Lincolnshire

Lincolnshire residents to have their say on local government shake-up this year

This story is over

Lincolnshire county councillors have voted to seek public views on unitary authority plans which would see the current county and local authority structure abolished.

The vote, which took place on Friday, February 24, means residents will be asked to take part in a consultation on plans for one or a few councils to run all council services across the county – instead of a referendum on county council election day (May 4), as originally tabled.

Councillors voted in favour of the Conservative-led administration’s proposals for reorganisation, following a charged debate in the council chamber.

Views of Lincolnshire residents will now be sought through options including a postal ballot, opinion poll or consultation through the council’s website or County News publication.

The county council has said Lincolnshire would save up to £150 million in the first five years, however councillors across tiers of the current local government structure have hotly debated both the idea of unitary governance and the process of seeking views.

Leader of Lincolnshire County Council Councillor Martin Hill said in the meeting: “This is an issue that has generated a lot of interest and debate.

“There have been detailed discussions between council leaders and there is a big unitary debate going across the country at the moment. We’re all suffering and local government is under severe financial strains. One of the options is active discussions on unitary organisation.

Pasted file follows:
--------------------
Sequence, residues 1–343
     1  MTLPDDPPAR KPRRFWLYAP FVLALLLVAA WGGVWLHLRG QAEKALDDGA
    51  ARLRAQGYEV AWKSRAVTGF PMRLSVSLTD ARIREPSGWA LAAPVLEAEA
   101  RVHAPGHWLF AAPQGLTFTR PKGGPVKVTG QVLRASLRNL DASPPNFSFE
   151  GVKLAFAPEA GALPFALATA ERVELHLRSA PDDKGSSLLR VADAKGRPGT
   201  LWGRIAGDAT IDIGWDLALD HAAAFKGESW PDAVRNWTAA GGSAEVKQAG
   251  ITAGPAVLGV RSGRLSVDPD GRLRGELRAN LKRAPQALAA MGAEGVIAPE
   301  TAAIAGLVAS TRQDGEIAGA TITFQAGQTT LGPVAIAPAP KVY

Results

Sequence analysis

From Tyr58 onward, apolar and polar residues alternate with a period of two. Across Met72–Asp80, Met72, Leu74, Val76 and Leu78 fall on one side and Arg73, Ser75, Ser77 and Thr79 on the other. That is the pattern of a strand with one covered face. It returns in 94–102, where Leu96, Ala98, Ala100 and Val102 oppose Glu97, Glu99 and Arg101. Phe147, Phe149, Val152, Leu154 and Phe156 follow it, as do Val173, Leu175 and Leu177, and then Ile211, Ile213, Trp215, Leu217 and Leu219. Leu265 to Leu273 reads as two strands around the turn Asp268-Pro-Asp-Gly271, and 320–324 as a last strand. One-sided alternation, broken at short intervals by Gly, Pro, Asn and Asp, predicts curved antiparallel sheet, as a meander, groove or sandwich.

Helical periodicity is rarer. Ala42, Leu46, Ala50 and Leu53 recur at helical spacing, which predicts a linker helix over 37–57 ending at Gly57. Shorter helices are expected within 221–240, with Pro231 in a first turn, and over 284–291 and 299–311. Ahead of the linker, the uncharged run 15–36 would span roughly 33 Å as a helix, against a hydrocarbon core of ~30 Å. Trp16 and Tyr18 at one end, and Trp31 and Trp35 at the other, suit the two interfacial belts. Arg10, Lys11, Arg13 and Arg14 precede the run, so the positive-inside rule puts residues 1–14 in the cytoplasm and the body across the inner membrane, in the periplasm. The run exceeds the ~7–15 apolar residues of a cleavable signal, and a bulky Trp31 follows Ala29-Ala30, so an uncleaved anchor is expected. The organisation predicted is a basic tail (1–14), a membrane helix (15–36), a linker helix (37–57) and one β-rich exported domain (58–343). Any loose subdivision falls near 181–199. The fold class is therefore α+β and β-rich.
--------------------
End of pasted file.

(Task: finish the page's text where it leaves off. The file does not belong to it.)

“There is evidence from other areas like Wiltshire or Cornwall. They all say they would never go back to the two tier system.

“The public just wants a simple system that is cost effective and works for them.

Conservative councillor Jacqueline Brockway challenged opposing members: “Why would we not want to ask the question? Because every councillor stands the risk of losing their position and their allowances? When is there a better time other than to save money?”

Dispute over plans and polls

The plans have been hotly debated since they first surfaced, not least by the council’s Labour opposition, who announced ahead of the meeting they would be voting against the plans, calling the various proposals on how to pursue plans “a shambles”.

Labour leader of the opposition on Lincolnshire County Council John Hough said in the meeting:  “The outcome seems inevitable.

“We should concentrate on providing better services now rather that spending time, money and energy on this la la land.”

Councillor Phil Dilks added: “Martin Hill has been quoted saying ‘one council for Lincolnshire is the inevitable plan’. If that’s the case why do we go through this process? Is it a box ticking exercise or are you going to listen to the people of Lincolnshire this time?”

Some also raised issue with the way in which proposals were brought to the attention of district council leaders.

Labour leader of the City of Lincoln Council Ric Metcalfe has also previously voiced his opposition to proposals, challenging the county council on previous plans for a referendum, quoting legal advice.

A report outlining options for the public consultation will now be put together and most likely considered following county council elections in May.